Ah, ’tis May time and exams are here ! I hear the distant scratching of a thousand pens in echoing sports halls and I know that all is right with the academic world. The future hangs in the balance; careers are won and lost; the glittering prizes brighten and fade, as inspiration approaches and recedes. But, thanks to Statistics, there are certainties in this contingent world. We just know that most students will do kinda ok; a handful will stun us; and a handful will turn in utter gibberish. Here are some of my favourites, collected from a few years worth of astronomy exams.
Most are from first year Astronomy courses for a wide range of students – what I believe our American chums call “Astronomy for Poets” or “Scopes for Dopes”. But some are from junior and senior honours students .. see if you can tell which..
All real folks.
- Doppler shift is an effect which doesn’t take place on the poles of the earth, but it does everywhere else.
- Black bodies do not emit any light, as they are a box with a tiny hole in. Light enters the hole, bounces around the box, and cannot get out again.
- IR observations tend to be used for trying to find new plants, which at 300K fit neatly in the IR spectrum.
- Physics is terrestrial whereas astronomy is conducted on an astral plane.
- IR astronomy is carried out with an instrument called a bola meter, which is made of geranium.
- Interferometry works because when the dishes are a certain distance apart the radio waves are syncopated.
- We know there is dark matter in galaxies as they rotate faster than they ought to, so dark matter must be absorbing some of the light…
- X-ray astronomy must be carried out from space otherwise the radiation would have a damaging effect on Earth, causing cancer and so on.
- For spiral galaxies, the linewidth technique is known as Tully-Fisher, whereas for elliptical galaxies it is the Fabry Perot method.
- part of answer to “describe the universe as seen at different wavelengths”….. The infrared universe is a great deal more colourful, although the colour is often false and generated by a computer.
- Black-body radiation requires dark matter.
- The spectral shape of the radiation from black-bodies is determined by the allocation of nearby bodies, as the gravitational attraction from these can “stretch” the radiation and make it more elliptical.
- The rotation curves of galaxies are the wrong shape. This is because dark matter is concentrated towards the centre, absorbing the light and preventing us from obtaining accurate velocities for this part of the galaxy.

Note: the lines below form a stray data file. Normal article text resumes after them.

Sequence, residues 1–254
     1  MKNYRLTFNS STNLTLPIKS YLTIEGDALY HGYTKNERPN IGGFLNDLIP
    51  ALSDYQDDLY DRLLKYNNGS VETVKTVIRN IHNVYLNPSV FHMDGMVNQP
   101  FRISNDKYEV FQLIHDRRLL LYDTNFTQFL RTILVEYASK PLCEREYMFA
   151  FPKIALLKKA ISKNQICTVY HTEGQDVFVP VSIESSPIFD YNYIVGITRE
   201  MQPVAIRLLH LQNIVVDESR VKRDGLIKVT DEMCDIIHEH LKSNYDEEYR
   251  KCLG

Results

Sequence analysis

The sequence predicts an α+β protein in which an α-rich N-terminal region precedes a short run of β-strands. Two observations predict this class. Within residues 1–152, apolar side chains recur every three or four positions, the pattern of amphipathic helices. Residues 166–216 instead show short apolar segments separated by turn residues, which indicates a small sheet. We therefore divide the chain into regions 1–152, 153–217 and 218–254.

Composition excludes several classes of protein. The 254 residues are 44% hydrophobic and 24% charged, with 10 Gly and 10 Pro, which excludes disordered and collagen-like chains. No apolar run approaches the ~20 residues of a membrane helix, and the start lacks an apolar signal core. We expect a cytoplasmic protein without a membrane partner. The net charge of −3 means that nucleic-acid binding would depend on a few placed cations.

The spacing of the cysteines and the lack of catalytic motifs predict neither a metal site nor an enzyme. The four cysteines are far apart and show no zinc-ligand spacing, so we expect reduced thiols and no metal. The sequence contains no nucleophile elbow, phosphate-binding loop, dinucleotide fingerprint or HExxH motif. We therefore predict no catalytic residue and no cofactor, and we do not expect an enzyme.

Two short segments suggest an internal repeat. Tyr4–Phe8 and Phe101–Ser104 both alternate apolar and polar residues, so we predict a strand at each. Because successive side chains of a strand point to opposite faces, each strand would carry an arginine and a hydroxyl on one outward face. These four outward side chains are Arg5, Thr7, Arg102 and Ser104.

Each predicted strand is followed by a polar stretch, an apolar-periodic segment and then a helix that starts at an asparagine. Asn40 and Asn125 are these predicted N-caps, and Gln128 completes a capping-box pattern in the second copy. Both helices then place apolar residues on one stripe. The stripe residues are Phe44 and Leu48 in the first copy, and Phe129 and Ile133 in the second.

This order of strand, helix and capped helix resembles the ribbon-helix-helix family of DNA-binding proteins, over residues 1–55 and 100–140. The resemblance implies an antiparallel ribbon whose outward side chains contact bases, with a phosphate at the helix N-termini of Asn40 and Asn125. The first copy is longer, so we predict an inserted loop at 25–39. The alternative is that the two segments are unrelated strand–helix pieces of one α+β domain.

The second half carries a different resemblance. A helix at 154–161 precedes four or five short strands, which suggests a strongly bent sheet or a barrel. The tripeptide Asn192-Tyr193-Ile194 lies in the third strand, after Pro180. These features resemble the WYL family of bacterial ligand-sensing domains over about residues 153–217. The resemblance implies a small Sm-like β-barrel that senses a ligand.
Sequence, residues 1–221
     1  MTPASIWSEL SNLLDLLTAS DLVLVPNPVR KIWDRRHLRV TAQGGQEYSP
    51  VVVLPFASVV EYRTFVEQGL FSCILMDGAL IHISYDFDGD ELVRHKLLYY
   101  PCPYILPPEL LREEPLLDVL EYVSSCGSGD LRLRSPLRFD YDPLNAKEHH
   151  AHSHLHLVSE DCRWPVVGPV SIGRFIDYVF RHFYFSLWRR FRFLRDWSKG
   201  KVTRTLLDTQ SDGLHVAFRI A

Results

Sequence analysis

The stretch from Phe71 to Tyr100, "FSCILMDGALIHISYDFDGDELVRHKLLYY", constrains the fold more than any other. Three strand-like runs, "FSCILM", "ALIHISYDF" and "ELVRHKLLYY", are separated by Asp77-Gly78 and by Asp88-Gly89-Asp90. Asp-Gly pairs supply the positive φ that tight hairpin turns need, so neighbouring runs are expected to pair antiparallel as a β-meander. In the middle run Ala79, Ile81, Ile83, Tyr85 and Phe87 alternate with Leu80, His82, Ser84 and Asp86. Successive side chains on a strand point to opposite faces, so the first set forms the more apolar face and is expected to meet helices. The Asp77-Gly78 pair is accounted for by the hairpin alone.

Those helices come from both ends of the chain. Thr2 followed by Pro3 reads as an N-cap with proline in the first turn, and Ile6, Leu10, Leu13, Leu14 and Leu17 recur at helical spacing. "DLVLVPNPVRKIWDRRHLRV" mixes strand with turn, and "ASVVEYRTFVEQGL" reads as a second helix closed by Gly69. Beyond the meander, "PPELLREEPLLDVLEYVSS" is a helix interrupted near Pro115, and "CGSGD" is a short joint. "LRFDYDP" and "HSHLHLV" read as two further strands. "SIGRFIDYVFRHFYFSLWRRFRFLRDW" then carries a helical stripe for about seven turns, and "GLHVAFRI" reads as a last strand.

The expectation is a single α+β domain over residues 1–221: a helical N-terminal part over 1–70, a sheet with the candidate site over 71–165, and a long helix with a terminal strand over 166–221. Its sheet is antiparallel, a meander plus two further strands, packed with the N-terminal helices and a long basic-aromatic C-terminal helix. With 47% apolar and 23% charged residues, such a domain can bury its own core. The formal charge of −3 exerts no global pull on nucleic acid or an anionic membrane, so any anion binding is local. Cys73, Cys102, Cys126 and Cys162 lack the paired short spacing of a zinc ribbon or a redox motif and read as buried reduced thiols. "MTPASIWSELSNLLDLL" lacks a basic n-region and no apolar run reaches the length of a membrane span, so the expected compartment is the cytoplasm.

- Astronomy can be seen as applied physics, and indeed most great astronomers have also been great physicians.
- In astronomy, all experiments conducted are out of our control.
- We now know of two black holes, Cygnus I and the one at the centre of the Kerr galaxy.
- A dynamically relaxed system obeys the viral theorem.
- If it weren’t for Physics, Astronomy would only be the observation of the pretty bright specs we can see in the sky.
- Answer to “how would Earth’s orbital velocity change if sixteen times closer to the Sun ?”… If the Earth were sixteen times closer to the Sun, it would vaporise and so its orbital velocity would be zero.
- X-rays from around black holes are produced by accension belts.
- The radio emission from quasars is not blackbody emission because that is a theoretical concept and does not actually exist in the universe.
- White dwarfs are white because they are mostly made of carbon and oxygen i.e. CO, which is a white solid.
- There is no spheroidal component in the Milky Way, as at night we can see that all the stars are in a thin line.
- When forced closer together, the electrons buss about more violently.
- A Type II supernova is the death of a star resulting in a big explosion. This only happens once per star.
- A pulsar is a neutron star that emits ultra-violent radiation.
- The Sun is a main sequence star. This is the most common type of star in the solar system.
- The denser the body the less radiation they emit. The most extreme case being “black body” radiation where no detectable radiation is emitted.
- The mass of the solar system is 10**12 solar masses. When divided by all the stars we estimate, that comes out at 30 solar masses per star.
- We calculate the distance to the Sun by bouncing radar signals off Venice at six monthly intervals.
Most of these are like reading this in the most popular physics book for grade XII.
> The hottest star in the Solar System is Mercury.
> The brightest star in the Solar System is Venus.
All Hail… Physics?
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